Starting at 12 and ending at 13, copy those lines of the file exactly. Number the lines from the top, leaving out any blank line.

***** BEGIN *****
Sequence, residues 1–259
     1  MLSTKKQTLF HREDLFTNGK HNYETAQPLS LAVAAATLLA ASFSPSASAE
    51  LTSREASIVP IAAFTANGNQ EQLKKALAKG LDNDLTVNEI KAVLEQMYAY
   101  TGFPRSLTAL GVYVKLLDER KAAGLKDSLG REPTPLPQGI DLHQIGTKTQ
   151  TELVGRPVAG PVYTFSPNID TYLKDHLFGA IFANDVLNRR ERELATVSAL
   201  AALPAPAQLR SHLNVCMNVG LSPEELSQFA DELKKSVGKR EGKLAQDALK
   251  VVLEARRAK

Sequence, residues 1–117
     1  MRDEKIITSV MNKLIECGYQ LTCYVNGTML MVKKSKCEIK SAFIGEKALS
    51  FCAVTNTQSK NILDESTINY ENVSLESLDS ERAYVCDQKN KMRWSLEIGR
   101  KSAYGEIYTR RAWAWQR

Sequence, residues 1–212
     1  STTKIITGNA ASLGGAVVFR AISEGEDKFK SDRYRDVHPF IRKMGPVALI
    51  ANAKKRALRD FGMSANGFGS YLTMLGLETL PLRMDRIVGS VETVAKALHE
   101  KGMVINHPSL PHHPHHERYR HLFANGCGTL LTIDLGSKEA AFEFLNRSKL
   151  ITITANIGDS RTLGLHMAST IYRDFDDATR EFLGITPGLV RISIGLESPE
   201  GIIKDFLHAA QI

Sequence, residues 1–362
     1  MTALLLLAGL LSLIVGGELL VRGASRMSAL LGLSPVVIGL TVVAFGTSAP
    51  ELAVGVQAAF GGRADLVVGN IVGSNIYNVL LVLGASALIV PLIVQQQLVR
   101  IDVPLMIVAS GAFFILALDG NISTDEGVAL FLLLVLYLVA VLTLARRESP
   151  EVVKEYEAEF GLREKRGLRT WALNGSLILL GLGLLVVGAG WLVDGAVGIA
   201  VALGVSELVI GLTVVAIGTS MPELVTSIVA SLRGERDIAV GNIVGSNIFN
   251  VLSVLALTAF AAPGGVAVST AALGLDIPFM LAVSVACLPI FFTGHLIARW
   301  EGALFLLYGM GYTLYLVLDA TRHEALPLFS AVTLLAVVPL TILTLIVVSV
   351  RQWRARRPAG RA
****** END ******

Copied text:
Sequence, residues 1–212
     1  STTKIITGNA ASLGGAVVFR AISEGEDKFK SDRYRDVHPF IRKMGPVALI